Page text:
The lack of a child protection program in the Marshall Islands together with other factors put children at significant risk in RMI, according to a report, Ajiri in Ibunini, Child Protection Baseline Report, RMI. The report was produced by UNICEF and the RMI government with Australian government funding, and was released a couple of years ago. But we highlight some excerpts from the report as it has not received a great deal of exposure.
“Much needs to be done in the formal governmental sector, as well as in the other settings such as in homes, schools and communities, to ensure safety of children,” the report said.
“On the part of the government service providers, national and formalized systems need to be put in place for protection of children. These include child protection reporting and response system that works; a comprehensive child protection law; school child protection policy/plan for all schools; a clearly designed system for reporting child abuse and neglect; the enactment of necessary child protection laws to comply with the Convention on the Rights of the Child; and full implementation of existing laws and polices.”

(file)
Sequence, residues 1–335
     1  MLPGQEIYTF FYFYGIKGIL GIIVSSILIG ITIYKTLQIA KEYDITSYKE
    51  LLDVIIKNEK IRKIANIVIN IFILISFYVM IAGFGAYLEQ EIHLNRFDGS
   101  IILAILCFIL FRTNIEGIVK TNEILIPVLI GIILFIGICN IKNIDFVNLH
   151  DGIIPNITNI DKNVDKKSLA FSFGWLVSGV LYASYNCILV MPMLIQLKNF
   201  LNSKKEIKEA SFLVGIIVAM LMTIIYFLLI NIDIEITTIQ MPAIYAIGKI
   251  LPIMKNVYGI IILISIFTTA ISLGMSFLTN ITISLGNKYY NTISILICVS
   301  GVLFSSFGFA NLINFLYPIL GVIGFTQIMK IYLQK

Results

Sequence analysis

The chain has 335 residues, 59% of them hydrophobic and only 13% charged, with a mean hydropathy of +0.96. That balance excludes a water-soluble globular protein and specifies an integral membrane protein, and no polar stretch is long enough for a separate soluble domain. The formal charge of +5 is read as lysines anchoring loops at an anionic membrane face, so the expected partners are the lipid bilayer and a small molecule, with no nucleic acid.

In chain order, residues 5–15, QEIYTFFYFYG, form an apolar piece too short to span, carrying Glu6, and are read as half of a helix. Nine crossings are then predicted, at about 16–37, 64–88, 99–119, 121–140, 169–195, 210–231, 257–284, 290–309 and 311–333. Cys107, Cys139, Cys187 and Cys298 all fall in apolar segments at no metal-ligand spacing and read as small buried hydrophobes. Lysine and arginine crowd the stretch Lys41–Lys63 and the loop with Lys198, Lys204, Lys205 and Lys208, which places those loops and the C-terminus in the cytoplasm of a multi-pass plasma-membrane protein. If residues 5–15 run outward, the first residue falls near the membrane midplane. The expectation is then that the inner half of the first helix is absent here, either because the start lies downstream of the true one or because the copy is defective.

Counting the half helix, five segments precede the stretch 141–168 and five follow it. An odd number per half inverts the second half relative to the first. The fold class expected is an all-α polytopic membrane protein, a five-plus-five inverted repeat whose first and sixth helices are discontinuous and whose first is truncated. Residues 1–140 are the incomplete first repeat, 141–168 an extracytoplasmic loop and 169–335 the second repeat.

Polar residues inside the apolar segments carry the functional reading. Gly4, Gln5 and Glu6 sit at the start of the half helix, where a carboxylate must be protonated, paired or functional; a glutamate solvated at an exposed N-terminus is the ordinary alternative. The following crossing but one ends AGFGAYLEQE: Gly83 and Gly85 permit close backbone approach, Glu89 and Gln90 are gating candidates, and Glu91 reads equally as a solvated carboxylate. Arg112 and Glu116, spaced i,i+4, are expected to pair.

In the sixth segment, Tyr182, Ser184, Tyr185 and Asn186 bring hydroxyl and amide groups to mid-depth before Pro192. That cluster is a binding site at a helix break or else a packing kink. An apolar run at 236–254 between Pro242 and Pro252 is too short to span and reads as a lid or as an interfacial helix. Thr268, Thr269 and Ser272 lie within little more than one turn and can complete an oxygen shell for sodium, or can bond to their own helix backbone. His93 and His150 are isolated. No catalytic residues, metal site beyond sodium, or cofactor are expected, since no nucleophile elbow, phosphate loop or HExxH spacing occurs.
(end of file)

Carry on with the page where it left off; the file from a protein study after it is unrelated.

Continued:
The research report includes considerable reporting from surveys of various groups of Marshall Islands citizens concerning child protection issues. It says this research “shows us there is still some way to go before all children enjoy their right to protection at all times.”
“The absence of a cohesive child protection program in the RMI is evident,” the report said. “The legal framework for child protection is weak; program and services lack strategic direction and vulnerabilities facing children seem to go unattended for the most part.”
Read more about this in the Marshall Islands Journal by subscribing. Email firstname.lastname@example.org for details.